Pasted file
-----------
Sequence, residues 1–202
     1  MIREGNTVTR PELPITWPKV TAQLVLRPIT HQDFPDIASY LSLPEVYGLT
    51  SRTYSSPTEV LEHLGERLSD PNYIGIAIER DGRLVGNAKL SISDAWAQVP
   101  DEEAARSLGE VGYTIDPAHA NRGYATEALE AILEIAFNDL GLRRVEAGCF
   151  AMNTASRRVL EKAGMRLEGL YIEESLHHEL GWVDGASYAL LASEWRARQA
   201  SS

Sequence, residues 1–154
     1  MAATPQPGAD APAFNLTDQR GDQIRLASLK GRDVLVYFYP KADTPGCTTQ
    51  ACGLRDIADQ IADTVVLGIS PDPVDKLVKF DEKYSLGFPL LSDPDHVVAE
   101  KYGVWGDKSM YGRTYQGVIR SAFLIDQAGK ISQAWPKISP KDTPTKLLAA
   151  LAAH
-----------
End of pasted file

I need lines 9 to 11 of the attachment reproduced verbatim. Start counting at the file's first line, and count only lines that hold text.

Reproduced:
    51  ACGLRDIADQ IADTVVLGIS PDPVDKLVKF DEKYSLGFPL LSDPDHVVAE
   101  KYGVWGDKSM YGRTYQGVIR SAFLIDQAGK ISQAWPKISP KDTPTKLLAA
   151  LAAH